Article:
The next day we returned to the NLD office and were fortunate to be able to talk to U Tin U (Oo), Vice Chairman of NLD. Mr U Tin U (also currently under house arrest) assured us we were in no danger as Australia and China had most favoured nation status with the junta. “They won’t touch you,” he said. Appropriately, like the lawyer he had become, he spoke vehemently of the 1,200 Burmese imprisoned for their political beliefs. Mr Tin U was highly critical of Australia’s on-going ‘constructive’ engagement with the regime, criticism he said the Australian ambassador in Rangoon agrees with.

“The problem is, this program of the Australian Government makes a lot of people outside Burma think that the junta is doing everything in accordance with the universal declaration of human rights, but this is not accurate, as underneath there is a lot of oppression and many violations of human rights.” We enquired into the health of Ms Suu Kyi who had been operated on the previous day, and Mr Tin U assured us that she was OK. “Ms Suu Kyi is fine; her operation was a mere removal of a corn from one of her toes.”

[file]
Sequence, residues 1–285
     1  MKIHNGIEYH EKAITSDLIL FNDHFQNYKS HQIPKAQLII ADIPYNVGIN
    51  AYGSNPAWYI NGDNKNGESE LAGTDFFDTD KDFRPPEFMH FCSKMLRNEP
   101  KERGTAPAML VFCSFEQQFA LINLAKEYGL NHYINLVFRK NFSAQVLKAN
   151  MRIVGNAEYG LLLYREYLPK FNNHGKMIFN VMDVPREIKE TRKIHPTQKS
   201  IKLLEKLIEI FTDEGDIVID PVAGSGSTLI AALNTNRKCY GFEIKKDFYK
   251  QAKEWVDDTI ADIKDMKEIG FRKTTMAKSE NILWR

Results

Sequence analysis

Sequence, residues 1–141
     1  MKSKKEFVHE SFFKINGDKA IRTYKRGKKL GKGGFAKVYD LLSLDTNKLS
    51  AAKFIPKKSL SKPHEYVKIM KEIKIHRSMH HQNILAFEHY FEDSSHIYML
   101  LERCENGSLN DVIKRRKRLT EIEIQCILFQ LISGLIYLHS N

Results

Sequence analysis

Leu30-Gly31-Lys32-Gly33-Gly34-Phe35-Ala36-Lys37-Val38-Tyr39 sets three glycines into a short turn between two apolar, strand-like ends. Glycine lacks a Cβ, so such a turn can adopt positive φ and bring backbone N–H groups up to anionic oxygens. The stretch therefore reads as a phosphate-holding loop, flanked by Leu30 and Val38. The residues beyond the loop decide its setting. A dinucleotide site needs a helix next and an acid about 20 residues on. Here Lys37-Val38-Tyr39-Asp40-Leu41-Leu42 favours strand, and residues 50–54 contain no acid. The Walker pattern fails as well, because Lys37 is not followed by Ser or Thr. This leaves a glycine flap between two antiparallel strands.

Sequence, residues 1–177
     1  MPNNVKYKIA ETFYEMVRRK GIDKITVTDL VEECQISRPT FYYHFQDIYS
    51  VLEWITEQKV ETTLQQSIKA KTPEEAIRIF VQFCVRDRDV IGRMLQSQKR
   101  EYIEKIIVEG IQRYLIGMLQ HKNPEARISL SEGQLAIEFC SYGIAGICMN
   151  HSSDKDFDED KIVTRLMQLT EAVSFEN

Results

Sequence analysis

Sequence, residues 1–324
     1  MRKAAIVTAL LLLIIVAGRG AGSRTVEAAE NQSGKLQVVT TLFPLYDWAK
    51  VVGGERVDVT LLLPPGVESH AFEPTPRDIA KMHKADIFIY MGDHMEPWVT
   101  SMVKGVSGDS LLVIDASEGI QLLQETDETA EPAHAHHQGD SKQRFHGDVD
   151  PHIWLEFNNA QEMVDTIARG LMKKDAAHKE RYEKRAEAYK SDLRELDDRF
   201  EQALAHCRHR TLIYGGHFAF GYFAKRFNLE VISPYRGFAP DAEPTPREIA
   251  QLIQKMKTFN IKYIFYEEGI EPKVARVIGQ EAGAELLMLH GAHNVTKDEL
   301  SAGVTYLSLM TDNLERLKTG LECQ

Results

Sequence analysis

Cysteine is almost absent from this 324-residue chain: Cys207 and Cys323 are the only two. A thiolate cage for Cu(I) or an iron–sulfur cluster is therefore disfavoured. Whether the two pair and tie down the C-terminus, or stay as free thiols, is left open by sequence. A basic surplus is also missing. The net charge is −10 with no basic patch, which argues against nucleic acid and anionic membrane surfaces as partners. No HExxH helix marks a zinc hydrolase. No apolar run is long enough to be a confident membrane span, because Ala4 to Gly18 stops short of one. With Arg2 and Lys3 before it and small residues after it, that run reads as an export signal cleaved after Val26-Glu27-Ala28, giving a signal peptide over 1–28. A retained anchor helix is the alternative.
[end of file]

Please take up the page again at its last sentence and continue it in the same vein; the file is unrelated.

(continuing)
I have since visited Burma in 2005 where I travelled to Kengtung and Tachilek in 2008. The oppression for the Burmese people remains forcing many to take refuge in Thailand where there are more than 150,000 Burmese in refugee camps, and where more than 2 million survive as migrant workers.Ms Suu Kyi remains under house arrest (which has been extended for another year) in Rangoon where she has not been allowed to see her doctor since January and survives in a house that was badly damaged by Cyclone Nargis.

Last Thursday, 19th of June, was her 63rd birthday. Let’s hope the world will place principle before profit and help free Ms Suu Kyi and her people before her 64th birthday.